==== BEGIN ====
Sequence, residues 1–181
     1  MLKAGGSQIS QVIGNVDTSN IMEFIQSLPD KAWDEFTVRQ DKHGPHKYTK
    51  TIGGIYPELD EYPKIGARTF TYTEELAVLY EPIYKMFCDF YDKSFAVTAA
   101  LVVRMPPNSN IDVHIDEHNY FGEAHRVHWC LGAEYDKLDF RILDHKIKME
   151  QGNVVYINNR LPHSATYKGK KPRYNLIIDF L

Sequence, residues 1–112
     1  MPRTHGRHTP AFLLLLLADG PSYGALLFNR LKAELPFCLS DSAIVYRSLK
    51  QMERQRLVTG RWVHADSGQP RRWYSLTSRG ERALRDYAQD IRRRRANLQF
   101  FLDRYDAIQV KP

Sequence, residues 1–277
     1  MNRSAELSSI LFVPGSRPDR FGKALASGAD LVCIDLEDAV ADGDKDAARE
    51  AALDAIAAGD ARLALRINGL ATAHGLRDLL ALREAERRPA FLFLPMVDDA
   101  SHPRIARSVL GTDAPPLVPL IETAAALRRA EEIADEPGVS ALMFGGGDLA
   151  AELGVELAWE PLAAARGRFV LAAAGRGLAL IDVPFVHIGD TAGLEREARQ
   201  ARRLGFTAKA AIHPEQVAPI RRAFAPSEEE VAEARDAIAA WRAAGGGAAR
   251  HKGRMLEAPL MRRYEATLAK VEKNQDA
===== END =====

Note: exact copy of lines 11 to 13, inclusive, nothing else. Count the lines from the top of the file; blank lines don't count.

     1  MNRSAELSSI LFVPGSRPDR FGKALASGAD LVCIDLEDAV ADGDKDAARE
    51  AALDAIAAGD ARLALRINGL ATAHGLRDLL ALREAERRPA FLFLPMVDDA
   101  SHPRIARSVL GTDAPPLVPL IETAAALRRA EEIADEPGVS ALMFGGGDLA